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I've read a file, and stored its contents into a string array.

I need to change some numerical values, interpreted as characters by the compiler.

The file is of the format: ABCDE,EFGHIJ KLMNOPQRS,45.58867,122.59750

I've searched and studied but haven't got onto anything too comprehensive.

If someone can please tell me how to do this I would be very glad.

And I'm not allowed to use strtod; I think it's a C function and my program needs to be strictly C++ only.

Here is my code that I've developed so far:

#include <iostream>
#include <fstream>
#include <string>
#include <vector>
#include <iomanip>
#include <cstdlib>
#include <sstream>


using namespace std;


int main()
{

    string usrFileStr,
    fileStr = "airNames.txt",  // declaring an obj string literal
    sBuffer,
    sLine = "";

    istringstream iStrStrm;

    int lineCount = 1;
    int nStart;


    fstream inFile;                  // declaring a fstream obj
    // cout is the name of the output stream
    cout << "Enter a file: ";
    cin >> usrFileStr;


    inFile.open( usrFileStr.c_str(), ios::in ); 
    // at this point the file is open and we may parse the contents of it


    while ( getline ( inFile, sBuffer ) && !inFile.eof() )
    {
          nStart = -1 ;
          cout << "First Str " << lineCount << " (";
          for ( int x = nStart + 1; x < sBuffer.length(); x++ )
          {
              if ( sBuffer[ x ] == ',' )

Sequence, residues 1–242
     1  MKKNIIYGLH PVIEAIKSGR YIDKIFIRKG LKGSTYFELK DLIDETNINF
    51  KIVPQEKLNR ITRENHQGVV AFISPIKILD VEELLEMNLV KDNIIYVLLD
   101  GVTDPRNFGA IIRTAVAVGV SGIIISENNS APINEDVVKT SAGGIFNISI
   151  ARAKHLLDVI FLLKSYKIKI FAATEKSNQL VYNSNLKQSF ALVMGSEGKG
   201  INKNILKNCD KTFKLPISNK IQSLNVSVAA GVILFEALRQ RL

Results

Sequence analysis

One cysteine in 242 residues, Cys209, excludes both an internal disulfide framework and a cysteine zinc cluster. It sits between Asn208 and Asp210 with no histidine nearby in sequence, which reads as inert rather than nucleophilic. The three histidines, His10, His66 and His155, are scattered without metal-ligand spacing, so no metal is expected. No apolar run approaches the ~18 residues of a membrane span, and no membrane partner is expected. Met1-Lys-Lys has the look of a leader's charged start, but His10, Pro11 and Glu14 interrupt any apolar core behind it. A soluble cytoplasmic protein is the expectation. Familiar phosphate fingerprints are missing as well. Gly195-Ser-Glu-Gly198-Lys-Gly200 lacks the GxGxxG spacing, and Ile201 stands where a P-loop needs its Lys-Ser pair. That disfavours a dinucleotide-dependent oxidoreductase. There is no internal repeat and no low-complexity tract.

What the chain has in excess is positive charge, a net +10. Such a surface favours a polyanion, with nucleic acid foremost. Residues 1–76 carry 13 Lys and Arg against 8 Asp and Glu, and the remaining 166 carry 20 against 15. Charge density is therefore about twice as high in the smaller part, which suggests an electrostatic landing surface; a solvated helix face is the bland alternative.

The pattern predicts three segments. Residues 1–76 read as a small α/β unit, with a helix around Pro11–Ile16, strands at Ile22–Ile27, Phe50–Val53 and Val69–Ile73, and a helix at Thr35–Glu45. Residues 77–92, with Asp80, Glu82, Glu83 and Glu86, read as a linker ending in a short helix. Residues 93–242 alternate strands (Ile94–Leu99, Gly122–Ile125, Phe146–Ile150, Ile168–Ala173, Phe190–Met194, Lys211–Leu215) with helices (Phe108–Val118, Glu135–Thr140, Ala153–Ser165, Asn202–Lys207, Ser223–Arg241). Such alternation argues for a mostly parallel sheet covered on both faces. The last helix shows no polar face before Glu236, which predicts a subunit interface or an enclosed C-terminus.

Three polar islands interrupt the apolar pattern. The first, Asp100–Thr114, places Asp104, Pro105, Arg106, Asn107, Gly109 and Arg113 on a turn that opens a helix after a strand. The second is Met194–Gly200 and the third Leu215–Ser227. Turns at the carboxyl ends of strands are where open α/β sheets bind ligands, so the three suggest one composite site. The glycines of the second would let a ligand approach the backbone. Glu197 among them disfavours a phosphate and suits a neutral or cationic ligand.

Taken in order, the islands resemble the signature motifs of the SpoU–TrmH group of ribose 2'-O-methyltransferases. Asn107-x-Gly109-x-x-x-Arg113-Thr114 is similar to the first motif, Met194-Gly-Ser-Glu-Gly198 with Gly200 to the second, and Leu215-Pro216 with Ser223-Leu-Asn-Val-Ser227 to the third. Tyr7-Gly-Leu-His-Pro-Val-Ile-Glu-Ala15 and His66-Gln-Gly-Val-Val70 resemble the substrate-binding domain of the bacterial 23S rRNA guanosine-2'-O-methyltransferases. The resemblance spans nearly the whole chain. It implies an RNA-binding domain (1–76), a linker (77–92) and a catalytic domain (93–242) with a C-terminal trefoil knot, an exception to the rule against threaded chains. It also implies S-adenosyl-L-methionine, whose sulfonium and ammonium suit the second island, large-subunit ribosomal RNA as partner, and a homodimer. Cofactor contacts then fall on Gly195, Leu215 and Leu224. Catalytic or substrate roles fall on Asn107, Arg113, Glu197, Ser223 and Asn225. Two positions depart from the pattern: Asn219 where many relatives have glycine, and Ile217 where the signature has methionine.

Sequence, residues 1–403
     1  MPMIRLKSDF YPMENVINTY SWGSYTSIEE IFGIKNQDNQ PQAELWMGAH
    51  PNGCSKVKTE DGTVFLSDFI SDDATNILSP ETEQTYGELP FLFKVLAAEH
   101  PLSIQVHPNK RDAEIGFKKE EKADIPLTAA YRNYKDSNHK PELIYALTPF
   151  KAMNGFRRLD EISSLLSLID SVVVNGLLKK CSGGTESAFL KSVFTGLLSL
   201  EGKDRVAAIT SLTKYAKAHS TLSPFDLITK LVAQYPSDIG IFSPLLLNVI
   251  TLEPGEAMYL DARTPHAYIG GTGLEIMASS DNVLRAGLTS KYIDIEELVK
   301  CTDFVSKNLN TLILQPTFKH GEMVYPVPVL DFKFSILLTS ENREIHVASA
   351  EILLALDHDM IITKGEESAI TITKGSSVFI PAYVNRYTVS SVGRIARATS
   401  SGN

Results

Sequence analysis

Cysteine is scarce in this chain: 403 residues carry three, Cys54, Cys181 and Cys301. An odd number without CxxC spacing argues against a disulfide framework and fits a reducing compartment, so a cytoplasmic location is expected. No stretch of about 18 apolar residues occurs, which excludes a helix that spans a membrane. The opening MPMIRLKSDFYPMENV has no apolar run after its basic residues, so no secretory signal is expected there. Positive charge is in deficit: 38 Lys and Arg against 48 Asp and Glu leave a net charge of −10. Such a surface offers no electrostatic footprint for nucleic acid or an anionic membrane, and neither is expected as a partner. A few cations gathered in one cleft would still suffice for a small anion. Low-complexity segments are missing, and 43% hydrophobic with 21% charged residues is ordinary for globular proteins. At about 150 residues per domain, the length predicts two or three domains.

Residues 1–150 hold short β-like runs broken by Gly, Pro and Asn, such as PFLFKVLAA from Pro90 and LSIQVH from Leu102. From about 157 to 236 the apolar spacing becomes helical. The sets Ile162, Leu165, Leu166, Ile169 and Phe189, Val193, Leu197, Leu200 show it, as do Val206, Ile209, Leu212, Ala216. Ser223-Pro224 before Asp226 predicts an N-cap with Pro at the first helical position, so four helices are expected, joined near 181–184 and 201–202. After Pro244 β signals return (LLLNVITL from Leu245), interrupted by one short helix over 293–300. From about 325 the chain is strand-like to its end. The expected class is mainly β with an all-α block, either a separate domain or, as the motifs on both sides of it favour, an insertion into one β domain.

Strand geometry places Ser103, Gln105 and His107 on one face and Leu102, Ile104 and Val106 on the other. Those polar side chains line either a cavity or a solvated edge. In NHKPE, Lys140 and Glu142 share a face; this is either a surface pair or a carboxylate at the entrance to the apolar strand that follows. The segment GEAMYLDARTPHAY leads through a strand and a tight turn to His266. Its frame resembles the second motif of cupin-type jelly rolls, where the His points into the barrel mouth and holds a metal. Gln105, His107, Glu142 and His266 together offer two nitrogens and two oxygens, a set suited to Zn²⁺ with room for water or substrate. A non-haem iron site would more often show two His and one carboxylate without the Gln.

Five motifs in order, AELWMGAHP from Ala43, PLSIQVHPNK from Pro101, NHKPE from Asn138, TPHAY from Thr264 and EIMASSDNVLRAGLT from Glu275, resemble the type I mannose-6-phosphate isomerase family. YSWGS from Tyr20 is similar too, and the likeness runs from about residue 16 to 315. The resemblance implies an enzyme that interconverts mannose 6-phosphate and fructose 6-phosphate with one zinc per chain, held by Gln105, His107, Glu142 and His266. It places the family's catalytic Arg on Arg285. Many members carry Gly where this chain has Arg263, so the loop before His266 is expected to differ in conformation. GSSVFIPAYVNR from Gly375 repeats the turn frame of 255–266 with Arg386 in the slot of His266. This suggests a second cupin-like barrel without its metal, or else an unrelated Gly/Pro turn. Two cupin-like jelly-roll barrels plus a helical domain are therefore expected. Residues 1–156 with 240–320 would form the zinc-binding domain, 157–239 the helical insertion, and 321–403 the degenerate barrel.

{
                   nStart = x;
                   break;
                   }
              cout << sBuffer[ x ];


          }
          cout << ") ";
          for ( int x = nStart + 1; x < sBuffer.length(); x++ )
          {

              if ( sBuffer[ x ] == ',' )
              {    
                   nStart = x;
                   break;
                   }
              cout << sBuffer[ x ];
          }
          cout << " (Second Str: "; // lattitude loop


          for ( int x = nStart + 1; x < sBuffer.length(); x++ )
          {
              if ( sBuffer[ x ] == ',' )
              {
                   nStart = x;
                   break;
                   }
              cout << sBuffer[ x ];         
          }

          cout << ", Third String: ";
          for ( int x = nStart + 1; x < sBuffer.length(); x++ )
          {
              if ( sBuffer[ x ] == ',' )
              {
                   nStart = x;
                   break;
                   }
              cout << sBuffer[ x ];
          }
          cout << ") \n";
          lineCount++;
    }


    cout << "There are a Total of: " <<  lineCount << " line(s) in the file."
    << endl;


    inFile.clear();           // clear the file of any errors
    inFile.close();  // at this point we are done with the file and may close it

    fgetc( stdin );
    return 0;
}

I've tried to only read two digits after the decimal, but I only get one character. My first attempt was with static_cast but that was way off. And a istringstream variable won't let its argument be an array. I don't know what to do..